US President Donald Trump has announced the suspension of all travel to the United States from the majority of European nations for 30 days, in a bid to combat the spread of the coronavirus.
The travel restrictions will apply to the 26 members of the Schengen border-free area of the EU, which does not include Ireland or the UK.
Mr Trump said this would go into effect from "midnight Friday".
In a primetime address from the Oval Office, Mr Trump sought to rebuff critics who say his leadership has been lacking during the crisis, insisting that "the virus will not have a chance".
"This is the most aggressive and comprehensive effort to confront a foreign virus in modern history," he said.
He announced a series of measures designed to ease the financial burden for people having to take weeks off from work while on quarantine.
But his most far-reaching announcement was the halt on European travel.
The EU will assess the travel ban situation later today, European Council President Charles Michel said, adding: "Economic disruption must be avoided."
"Europe is taking all necessary measures to contain the spread of the COVID-19 virus, limit the number of affected people and support research," he said.
A statement on the White House website said: "For purposes of this proclamation, the Schengen Area comprises 26 European states: Austria, Belgium, Czech Republic, Denmark, Estonia, Finland, France, Germany, Greece, Hungary, Iceland, Italy, Latvia, Liechtenstein, Lithuania, Luxembourg, Malta, Netherlands, Norway, Poland, Portugal, Slovakia, Slovenia, Spain, Sweden, and Switzerland."
"I'm confident that by ... continuing to take these tough measures, we will significantly reduce the threat to our citizens and we'll ultimately and expeditiously defeat this virus," he said.
Mr Trump called on elderly people to avoid non-essential travel within the US.
The White House said Mr Trump would be cancelling a trip to Nevada and Colorado out of "caution".
Around 80% of cases of Covid-19 will be a mild to moderate illness, close to 14% have severe disease and around 6% are critical.
Generally, you need to be 15 minutes or more in the vicinity of an infected person, within 1-2 metres, to be considered at-risk or a close contact.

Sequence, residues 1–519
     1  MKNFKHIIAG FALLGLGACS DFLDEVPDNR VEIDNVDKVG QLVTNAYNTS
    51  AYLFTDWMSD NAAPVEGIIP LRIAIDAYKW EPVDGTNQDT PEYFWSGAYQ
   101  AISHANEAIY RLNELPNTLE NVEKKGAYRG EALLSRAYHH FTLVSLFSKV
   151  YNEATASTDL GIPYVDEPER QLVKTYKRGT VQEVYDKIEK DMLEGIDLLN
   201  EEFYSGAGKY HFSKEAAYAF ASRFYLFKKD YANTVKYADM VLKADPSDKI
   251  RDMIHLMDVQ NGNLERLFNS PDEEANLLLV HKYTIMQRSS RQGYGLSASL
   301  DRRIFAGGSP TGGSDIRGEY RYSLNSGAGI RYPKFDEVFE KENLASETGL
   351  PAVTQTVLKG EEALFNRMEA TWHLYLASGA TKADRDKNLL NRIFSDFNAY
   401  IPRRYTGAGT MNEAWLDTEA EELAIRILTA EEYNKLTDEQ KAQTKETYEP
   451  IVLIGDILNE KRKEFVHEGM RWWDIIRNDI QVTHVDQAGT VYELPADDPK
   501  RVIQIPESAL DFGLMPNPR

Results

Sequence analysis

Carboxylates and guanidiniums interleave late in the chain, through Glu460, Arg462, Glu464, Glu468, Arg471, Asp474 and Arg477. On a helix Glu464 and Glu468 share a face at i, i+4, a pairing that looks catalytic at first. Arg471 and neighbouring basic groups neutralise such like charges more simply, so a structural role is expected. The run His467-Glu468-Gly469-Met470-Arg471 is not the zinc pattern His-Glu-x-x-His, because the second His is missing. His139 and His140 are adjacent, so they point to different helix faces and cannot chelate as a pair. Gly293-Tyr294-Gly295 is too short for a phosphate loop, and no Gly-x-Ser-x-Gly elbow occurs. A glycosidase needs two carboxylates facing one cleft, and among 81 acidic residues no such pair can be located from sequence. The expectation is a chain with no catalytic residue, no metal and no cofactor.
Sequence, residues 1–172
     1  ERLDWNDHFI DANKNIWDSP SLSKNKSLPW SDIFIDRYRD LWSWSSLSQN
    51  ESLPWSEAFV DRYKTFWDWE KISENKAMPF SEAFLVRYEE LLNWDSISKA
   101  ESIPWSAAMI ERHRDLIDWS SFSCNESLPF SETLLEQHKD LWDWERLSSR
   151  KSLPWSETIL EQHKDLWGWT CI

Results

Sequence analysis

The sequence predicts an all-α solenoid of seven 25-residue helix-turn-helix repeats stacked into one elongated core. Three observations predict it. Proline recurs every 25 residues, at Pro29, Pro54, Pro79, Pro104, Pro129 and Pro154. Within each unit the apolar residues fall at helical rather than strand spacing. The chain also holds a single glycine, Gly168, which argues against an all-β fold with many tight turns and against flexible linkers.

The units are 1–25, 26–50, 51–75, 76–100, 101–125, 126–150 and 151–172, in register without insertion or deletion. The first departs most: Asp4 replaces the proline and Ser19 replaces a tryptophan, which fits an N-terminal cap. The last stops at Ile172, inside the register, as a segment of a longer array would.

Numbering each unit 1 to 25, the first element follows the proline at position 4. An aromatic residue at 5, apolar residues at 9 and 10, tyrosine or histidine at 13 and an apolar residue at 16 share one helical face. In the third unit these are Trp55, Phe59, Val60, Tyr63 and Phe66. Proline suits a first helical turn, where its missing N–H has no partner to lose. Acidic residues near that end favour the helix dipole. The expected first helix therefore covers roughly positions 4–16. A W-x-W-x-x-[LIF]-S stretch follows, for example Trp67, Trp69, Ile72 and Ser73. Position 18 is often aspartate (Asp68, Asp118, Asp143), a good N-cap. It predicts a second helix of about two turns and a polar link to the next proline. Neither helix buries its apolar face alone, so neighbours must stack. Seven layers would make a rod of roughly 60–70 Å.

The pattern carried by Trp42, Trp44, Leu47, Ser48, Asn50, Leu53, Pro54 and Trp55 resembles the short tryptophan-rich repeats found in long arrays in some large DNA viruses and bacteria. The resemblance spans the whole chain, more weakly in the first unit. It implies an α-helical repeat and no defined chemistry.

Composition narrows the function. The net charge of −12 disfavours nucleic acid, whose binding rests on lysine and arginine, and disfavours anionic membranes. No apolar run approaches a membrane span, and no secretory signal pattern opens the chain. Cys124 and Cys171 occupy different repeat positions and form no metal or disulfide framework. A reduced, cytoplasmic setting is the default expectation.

In his address, Mr Trump put a harsh accent on Europe's role in the spread of the virus, which began in China and has now travelled around much of the world, bringing sometimes fatal flu-like symptoms.
"The European Union failed to take the same precautions and restrict travel from China and other hotspots" as the US, Mr Trump said.
"As a result, a large number of new clusters in the United States were seeded by travellers from Europe."
About 4,500 people have died so far worldwide.
As of yesterday, there were more than 1,100 confirmed infections in the US and 32 deaths, according to a tally by Johns Hopkins University.
Numbers are expected to skyrocket in the United States once more testing is done.
Anthony Fauci, the director of the National Institute of Allergy and Infectious Diseases, said that COVID-19 is estimated to be 10 times more deadly than flu and that without aggressive containment and mitigation, "many millions" could potentially contract the virus.
"The bottom line: it's going to get worse," Mr Fauci said.
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Mr Trump announced short-term tax deferments and called on Congress to enact "immediate payroll tax relief".
He also said he was asking for another $50bn in funding for small business loans to help those stricken by the economic disruption.
However, there was no declaration of a national emergency which would allow the government instant access to extra funding.
It was not clear whether Mr Trump's plans would calm markets, which have panicked over the mounting impact on supply lines, consumer demand and investor flight to safety.
"This is not a financial crisis," Mr Trump said. "This is just a temporary moment of time that we will overcome together as a nation."
Multiple cultural and sporting events have been cancelled across the United States, schools and universities are closing, and companies are scrambling to face the probability of sending many employees home on sick leave or self-quarantine.
Even the US presidential election faces disruption, with Democratic candidates Joe Biden and Bernie Sanders cancelling rallies and questions mounting over the future of Mr Trump's own usually frequent rallies.
For Mr Trump, steadying market jitters is a must if he is to maintain his reelection message of delivering a booming economy.
At a White House meeting with US bank leaders, Mr Trump said "we'll be doing a lot of additional work with small businesses ... many billions of dollars".
Treasury Secretary Steven Mnuchin said earlier that the White House was "looking at providing substantial relief to certain taxpayers and small businesses who will be able to get extensions on their taxes".
"We think we can provide over $200bn of liquidity into the economy by delaying certain tax payments," he said.
Democratic leaders are cool on the idea of tax cuts and made a competing proposal for compensating workers' lost wages and sick leave, as well as providing loan forgiveness for individuals.
The Democratic proposal also called for disaster loans and grants for small businesses, emergency housing assistance, and loosened requirements for food assistance including continuing to serve meals to children even if schools are closed.